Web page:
Fabricating custom fairings

Discussion in 'The Garage' started by Bob Tosi, Feb 25, 2011.

  1. Bob Tosi

    Bob Tosi Long timer

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    this is what I dont want:
    [​IMG]

    [​IMG]


    What Im trying to fix:

    [​IMG]

    [​IMG]
    #21
  2. HickOnACrick

    HickOnACrick Groovinator

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    I guess one of the first things you need to ask yourself is whether you want a rally cluster (roll map, gps, rolling odometers, etc) or if you want to keep your stock instrument cluster and just add some gadgets.

    If you want a rally cluster, I think you will need to build a new headlight/cluster frame, then build your fairing around the frame.

    If you just want some room to add gadgets to the stock instrument cluster, and you are going to keep the stock headlamps, then the process will be much easier.

    Although you may not like the aesthetics of the bolted-on windshield, I think that might be a place to start. It looks like the stock fairing is made of multiple pieces. Maybe you can take off the piece that surrounds the headlamps and holds your windshield - I'll call it "the nose" for simplicity. Remove the windshield from the nose, then use the nose as the beginning of your plug. The nose has the advantage of already being drilled for attachment.

    Lay the nose, facing up, on a flat, smooth surface (like a cheap plastic cutting board from a dollar store), and secure it to the board with non-hardening model clay (plasticene at hobby lobby for a couple bucks).

    Now use your choice of modeling media to create your plug. Advantages/disadvantages to media include:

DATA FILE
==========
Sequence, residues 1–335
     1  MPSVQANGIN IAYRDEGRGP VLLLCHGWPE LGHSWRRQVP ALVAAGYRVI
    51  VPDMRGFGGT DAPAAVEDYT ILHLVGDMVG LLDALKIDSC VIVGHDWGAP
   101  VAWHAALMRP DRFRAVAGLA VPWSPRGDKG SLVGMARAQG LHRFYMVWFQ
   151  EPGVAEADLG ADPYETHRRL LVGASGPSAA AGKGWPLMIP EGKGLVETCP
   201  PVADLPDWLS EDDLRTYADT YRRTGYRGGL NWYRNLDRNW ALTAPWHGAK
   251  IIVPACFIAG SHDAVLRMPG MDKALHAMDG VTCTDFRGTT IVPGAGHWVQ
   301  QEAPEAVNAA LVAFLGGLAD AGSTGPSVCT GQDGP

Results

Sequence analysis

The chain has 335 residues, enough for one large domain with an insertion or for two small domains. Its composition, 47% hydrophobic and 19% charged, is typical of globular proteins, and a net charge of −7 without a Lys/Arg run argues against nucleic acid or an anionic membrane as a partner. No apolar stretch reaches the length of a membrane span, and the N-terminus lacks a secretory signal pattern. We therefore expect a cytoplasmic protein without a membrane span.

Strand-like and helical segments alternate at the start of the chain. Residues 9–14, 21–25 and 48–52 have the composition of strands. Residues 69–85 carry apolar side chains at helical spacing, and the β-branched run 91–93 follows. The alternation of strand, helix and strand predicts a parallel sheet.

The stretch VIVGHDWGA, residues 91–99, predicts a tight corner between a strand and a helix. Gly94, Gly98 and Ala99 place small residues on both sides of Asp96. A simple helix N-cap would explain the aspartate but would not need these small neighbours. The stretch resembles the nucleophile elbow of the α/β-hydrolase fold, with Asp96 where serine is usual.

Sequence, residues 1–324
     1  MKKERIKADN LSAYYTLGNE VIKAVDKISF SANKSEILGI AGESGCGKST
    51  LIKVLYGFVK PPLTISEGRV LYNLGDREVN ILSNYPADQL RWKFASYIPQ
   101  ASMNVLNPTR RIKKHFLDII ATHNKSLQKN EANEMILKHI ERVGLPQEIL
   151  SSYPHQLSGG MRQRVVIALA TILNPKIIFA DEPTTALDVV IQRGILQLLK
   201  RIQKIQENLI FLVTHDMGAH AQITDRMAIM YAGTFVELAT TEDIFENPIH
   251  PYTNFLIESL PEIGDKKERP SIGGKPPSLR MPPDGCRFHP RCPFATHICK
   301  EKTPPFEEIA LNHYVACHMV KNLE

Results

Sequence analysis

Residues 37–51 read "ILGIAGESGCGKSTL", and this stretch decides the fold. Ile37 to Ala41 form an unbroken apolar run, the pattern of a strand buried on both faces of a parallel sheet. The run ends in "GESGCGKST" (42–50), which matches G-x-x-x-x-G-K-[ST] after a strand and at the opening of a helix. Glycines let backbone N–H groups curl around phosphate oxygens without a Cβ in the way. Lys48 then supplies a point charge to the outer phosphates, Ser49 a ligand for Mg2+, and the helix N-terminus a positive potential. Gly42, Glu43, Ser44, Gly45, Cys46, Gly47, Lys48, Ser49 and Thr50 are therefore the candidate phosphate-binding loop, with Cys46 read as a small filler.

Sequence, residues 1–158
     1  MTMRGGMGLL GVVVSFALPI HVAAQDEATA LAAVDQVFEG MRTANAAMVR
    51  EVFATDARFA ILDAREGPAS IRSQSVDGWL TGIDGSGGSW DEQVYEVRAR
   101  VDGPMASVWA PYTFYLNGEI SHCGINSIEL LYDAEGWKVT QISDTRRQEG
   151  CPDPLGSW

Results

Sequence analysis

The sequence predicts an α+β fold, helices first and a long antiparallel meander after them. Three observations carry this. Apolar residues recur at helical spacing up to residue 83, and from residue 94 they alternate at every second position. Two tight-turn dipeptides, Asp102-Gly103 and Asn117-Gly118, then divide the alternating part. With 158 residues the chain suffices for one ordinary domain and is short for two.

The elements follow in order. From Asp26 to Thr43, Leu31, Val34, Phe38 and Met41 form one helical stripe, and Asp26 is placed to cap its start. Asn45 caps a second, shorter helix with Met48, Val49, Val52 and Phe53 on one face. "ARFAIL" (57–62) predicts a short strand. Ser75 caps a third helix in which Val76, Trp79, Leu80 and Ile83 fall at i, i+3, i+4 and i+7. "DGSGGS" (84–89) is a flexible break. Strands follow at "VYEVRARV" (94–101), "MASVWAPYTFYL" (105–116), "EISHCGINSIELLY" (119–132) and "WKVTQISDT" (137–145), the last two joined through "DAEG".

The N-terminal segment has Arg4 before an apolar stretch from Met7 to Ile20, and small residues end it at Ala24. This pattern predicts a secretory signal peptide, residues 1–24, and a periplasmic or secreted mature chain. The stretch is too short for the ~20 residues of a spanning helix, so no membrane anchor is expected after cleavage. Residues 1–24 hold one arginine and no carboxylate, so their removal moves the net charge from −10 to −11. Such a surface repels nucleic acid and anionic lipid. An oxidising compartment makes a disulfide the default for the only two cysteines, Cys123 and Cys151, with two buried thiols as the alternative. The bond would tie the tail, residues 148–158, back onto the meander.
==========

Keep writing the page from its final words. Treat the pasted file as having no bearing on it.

- Wafer board - easy to cut, easy to maintain symmetry, cheap, light, easy to use as a template for other media, readily available, but it only facilitates flat surfaces and sharp angles, and it will dissolve when exposed to polyester resins.
    - Styrofoam - easy to cut, difficult to fix mistakes, light, cheap, can be molded into any shape, but dissolves when exposed to polyester.
    - Wood - kinda cheap, easy to obtain, can be made into any shape with the right tools, requires much more time to shape, easy to maintain symmetry as mirror images can be cut and then pasted together, will handle polyester or epoxy resins, as a plug it is durable enough to be used multiple times, comes in a variety of hardness that can be glued together
    - Metal - expensive, hard to work with, requires welding skills to stick pieces together, need a variety of special tools or a machinist, once you have your plug, it will last a lifetime and it will yield the best results to a mold, with the easiest "pull" characteristics.
    - Bondo - more expensive than wood, requires tons of sanding, readily available almost anywhere (Home Depot, AutoZone, Wal Mart), does not have good "pull" characteristics, the plug will likely only survive one mold making, it will adhere to almost anything. I like to use bondo over wafer board. It's pretty cheap, and the Bondo can be sanded into curves and soft angles even though the wafer board is flat with hard angles. The wafer board will dissolve under bondo, but does so slowly enough that the bondo hardens before the shape is lost.